Elected officials demand the mayor remove Hunts Point’s floating barge
Just two days after Bronx Borough President Ruben Diaz Jr. and Rep. Jose E. Serrano told 100-plus protesters that they would stand by them in defiance of the mayor’s plan to build a new jail in Mott Haven, three more elected officials addressed a group of activists in Hunts Point, to pressure the mayor to get rid of a jail that’s been around for 26 years.
At a May 3rd press conference, jail reform advocates joined City Councilman Rafael Salamanca Jr., State Sen. Jeffrey Klein and Assemblywoman Carmen Arroyo in front of the barbed wire fence that separates the Fulton Fish Market parking lot on Food Center Drive from the Vernon C. Bain Center, to demand that the mayor close the jail otherwise known as “The Boat,” which houses more than 800 detainees at a time.
The mayor has said that the city will close the floating jail when the rest of the city’s plan to replace the dilapidated Rikers Island jail with four borough-based jails is complete. But the elected officials and the protesters said that 10 more years of The Boat is 10 years too many.
Marvin Mayfield, a leader for the #CLOSErikers campaign, told the protesters that police arrested him in 2008 as he was walking out of a Bronx school that he had broken into, looking to steal whatever he could find. Although he came out empty-handed, he was later charged with third-degree burglary and spent 11 months on The Boat. Mayfield, now 55, says he was addicted to drugs during that period and “did things that are typical for somebody who does that sort of thing. You know how that goes.”
Mayfield lost his job as a cook in a Bronx restaurant because of the incident. Because he couldn’t afford a private lawyer, he was assigned an overworked public defender who provided substandard counsel, he said, adding that he went to court 42 times during those 11 months. For most of those court trips, a judge wasn’t even present in the courtroom.
“Being inside that place was like being on a slave ship,” he remembers of his time afloat. “I am one of the many thousands of men who have suffered the errors of The Boat because I couldn’t pay bail.” The detail Mayfield says most sticks out in his memory is the floating prison’s “lack of air. The place was sealed up like a coffin.” Detainees were commonly forced to strip, and inappropriately touched, in the presence of multiple male and female officers, he said.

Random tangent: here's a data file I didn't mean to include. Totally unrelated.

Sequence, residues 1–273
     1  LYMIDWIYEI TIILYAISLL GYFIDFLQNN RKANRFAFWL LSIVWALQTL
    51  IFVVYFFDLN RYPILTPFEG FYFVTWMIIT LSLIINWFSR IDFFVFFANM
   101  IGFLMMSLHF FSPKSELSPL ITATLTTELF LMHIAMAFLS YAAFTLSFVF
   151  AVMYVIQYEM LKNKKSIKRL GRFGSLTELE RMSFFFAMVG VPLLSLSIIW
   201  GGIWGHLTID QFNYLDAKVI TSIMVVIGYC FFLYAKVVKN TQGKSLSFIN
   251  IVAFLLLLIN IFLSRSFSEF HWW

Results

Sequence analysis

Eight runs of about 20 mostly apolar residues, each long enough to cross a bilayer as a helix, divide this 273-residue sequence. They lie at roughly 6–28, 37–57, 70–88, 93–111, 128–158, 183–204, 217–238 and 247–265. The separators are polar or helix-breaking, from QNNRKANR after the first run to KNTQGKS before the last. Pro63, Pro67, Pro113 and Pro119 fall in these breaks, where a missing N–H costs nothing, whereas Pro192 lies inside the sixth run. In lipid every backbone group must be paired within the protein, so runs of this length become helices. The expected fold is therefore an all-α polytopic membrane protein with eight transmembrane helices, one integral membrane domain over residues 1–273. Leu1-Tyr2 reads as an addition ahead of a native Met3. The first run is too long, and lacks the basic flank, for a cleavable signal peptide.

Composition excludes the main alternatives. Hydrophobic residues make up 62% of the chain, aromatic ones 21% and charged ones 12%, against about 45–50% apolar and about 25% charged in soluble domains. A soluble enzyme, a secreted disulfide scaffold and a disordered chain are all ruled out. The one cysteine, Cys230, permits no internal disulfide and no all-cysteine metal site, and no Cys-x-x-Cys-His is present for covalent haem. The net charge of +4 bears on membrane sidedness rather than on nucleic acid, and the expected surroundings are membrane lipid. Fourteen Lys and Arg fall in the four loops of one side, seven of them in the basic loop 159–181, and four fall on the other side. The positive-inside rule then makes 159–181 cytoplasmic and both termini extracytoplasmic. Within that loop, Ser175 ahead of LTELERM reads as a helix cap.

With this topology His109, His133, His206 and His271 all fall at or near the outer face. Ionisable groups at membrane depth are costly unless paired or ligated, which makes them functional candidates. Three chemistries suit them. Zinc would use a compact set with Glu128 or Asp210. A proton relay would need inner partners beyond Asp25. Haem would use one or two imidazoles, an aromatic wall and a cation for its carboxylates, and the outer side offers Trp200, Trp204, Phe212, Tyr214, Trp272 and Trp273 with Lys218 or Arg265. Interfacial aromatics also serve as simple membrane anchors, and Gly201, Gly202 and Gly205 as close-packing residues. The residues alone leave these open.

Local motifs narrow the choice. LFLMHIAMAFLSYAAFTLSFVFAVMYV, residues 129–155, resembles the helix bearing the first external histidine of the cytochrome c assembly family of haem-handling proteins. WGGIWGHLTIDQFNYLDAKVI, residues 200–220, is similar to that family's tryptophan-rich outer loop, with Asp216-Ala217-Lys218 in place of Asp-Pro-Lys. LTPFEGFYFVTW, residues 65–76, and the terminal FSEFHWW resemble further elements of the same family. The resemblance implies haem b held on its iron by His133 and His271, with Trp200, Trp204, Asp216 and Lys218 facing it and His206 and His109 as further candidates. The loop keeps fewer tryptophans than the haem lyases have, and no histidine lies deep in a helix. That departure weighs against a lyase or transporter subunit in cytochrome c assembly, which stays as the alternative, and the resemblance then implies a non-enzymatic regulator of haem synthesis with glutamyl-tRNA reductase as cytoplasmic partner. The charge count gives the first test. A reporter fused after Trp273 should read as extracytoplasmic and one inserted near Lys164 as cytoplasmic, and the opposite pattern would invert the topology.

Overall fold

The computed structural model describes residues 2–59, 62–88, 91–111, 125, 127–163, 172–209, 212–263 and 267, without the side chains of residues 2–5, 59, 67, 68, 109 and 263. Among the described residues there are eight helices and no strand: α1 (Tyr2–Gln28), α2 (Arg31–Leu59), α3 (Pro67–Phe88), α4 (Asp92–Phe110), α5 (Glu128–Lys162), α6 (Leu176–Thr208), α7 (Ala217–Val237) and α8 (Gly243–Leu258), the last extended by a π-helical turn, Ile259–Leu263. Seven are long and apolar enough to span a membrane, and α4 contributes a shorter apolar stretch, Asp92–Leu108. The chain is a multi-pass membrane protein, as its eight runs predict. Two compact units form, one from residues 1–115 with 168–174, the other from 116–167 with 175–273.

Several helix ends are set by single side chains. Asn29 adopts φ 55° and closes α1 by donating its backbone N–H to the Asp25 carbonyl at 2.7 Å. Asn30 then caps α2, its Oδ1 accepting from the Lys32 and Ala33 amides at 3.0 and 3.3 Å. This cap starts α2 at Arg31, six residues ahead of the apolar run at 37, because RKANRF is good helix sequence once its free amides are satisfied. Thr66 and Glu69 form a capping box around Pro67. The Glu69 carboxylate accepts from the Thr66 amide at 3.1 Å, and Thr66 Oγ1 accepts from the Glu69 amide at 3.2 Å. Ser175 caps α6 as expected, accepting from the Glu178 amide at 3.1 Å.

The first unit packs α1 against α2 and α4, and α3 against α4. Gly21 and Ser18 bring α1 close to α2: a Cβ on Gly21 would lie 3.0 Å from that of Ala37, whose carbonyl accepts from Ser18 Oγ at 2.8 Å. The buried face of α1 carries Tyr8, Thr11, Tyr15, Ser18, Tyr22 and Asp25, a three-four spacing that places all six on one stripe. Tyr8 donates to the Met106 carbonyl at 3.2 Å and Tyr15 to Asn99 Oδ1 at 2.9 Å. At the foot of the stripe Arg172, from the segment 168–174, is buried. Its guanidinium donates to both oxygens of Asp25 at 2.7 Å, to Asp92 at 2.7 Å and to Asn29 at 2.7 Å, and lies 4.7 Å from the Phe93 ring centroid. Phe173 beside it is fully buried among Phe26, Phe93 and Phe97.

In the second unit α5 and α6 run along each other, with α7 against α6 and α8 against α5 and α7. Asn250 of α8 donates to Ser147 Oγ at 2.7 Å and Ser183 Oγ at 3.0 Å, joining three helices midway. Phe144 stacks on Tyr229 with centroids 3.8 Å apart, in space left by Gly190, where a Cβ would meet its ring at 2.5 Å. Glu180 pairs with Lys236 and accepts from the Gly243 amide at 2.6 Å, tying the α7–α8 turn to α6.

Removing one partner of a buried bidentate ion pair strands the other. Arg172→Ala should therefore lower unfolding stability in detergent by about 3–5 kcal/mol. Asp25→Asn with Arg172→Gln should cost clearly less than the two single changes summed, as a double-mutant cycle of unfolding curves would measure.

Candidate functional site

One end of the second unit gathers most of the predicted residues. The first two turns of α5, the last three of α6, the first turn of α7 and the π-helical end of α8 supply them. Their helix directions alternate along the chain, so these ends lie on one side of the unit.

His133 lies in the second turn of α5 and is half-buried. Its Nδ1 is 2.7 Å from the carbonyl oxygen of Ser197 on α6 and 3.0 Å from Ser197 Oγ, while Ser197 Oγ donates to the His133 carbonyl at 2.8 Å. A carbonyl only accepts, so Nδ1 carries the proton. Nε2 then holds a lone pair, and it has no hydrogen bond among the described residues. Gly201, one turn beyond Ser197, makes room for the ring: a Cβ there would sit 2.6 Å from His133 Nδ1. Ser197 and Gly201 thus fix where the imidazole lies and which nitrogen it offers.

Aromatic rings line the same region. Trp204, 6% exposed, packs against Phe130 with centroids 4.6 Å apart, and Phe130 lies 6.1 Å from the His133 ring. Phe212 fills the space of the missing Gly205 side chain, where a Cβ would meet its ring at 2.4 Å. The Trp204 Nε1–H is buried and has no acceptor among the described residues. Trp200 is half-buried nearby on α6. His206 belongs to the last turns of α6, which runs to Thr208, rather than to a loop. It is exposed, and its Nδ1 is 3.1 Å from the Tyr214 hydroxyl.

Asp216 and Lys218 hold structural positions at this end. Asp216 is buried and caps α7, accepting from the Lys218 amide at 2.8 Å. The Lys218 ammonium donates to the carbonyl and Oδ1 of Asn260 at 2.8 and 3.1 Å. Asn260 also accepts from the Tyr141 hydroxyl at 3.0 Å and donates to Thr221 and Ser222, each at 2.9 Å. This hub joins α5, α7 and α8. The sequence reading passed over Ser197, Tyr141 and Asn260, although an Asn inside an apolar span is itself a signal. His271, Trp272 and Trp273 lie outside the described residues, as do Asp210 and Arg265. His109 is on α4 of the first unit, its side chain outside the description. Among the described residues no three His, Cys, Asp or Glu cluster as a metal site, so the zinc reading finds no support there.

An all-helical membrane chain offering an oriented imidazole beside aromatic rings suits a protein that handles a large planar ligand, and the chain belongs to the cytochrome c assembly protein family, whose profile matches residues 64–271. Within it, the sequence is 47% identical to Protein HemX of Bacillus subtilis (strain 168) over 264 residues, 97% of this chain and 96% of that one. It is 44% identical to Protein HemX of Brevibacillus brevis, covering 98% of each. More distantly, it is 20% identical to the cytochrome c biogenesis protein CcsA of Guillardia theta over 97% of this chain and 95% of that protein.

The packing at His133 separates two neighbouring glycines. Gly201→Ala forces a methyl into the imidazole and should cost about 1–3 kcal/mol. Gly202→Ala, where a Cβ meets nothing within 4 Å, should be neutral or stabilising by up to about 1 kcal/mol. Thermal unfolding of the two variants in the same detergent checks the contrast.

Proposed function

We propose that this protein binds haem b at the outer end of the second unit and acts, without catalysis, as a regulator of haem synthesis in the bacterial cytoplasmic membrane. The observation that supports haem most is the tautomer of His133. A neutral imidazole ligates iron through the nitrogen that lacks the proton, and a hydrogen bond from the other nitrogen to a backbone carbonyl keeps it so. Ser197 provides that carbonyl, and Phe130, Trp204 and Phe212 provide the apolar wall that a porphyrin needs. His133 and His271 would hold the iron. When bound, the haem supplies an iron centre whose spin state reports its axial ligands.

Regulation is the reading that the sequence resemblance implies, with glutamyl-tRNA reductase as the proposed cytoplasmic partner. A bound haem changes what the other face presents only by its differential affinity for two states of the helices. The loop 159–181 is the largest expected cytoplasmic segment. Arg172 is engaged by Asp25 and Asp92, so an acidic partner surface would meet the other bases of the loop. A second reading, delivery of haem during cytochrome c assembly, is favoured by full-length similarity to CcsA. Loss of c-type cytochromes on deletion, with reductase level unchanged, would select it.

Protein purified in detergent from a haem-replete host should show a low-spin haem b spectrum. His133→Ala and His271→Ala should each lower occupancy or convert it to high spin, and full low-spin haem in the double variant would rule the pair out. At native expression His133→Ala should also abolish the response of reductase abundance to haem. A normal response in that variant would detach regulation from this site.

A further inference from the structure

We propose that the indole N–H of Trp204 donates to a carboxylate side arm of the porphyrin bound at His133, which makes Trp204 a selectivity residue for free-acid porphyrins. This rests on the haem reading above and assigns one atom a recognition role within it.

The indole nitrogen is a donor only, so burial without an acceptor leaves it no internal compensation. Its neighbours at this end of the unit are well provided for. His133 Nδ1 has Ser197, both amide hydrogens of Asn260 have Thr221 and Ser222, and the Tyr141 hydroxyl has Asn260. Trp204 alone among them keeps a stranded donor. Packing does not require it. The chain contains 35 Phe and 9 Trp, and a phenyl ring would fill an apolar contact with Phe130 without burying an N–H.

The Boat was the idea of then-Mayor Ed Koch in 1988, during the height of the Crack epidemic. Four years later, when it began to accept detainees, then-Mayor David Dinkins insisted the arrangement would be temporary.
“Here we are 26 years later, asking a Democratic mayor who wants us to trust his words,” said Salamanca, who chairs the City Council’s Land Use Committee. “Mr. Mayor, this could be your legacy.” He urged the mayor to “shut down the barge and give this piece of land back to the community.”
State Sen. Klein said that “only here in the Bronx could we have a barge that’s been here for 27 years” on attractive, waterfront property.
Rev. Wendy Calderón-Payne, executive director of the faith-based group BronxConnect, which aspires to replace jails with community programs, told the protesters that the “the notion that the barge is better than Rikers” is false. “The jail is part of Rikers.”
“So many of my young people come from this zip code,” she said. “The education system here is not good.” She urged the mayor to act quickly to close The Boat because, when his term is up in four years, “we don’t know who the next mayor will be.”
Soundview resident Darryl Herring, 61, spent three weeks at Vernon C. Bain in 2015 before being transferred to Rikers, for a charge for which he was later exonerated. Herring, representing the group Vocal new York, recalled how cold it was on The Boat, and called conditions there “a human rights issue.” Like Mayfield, Herring said he remained locked up because he couldn’t afford to pay bail. “Why do [detainees] have to be locked up because they don’t have money?”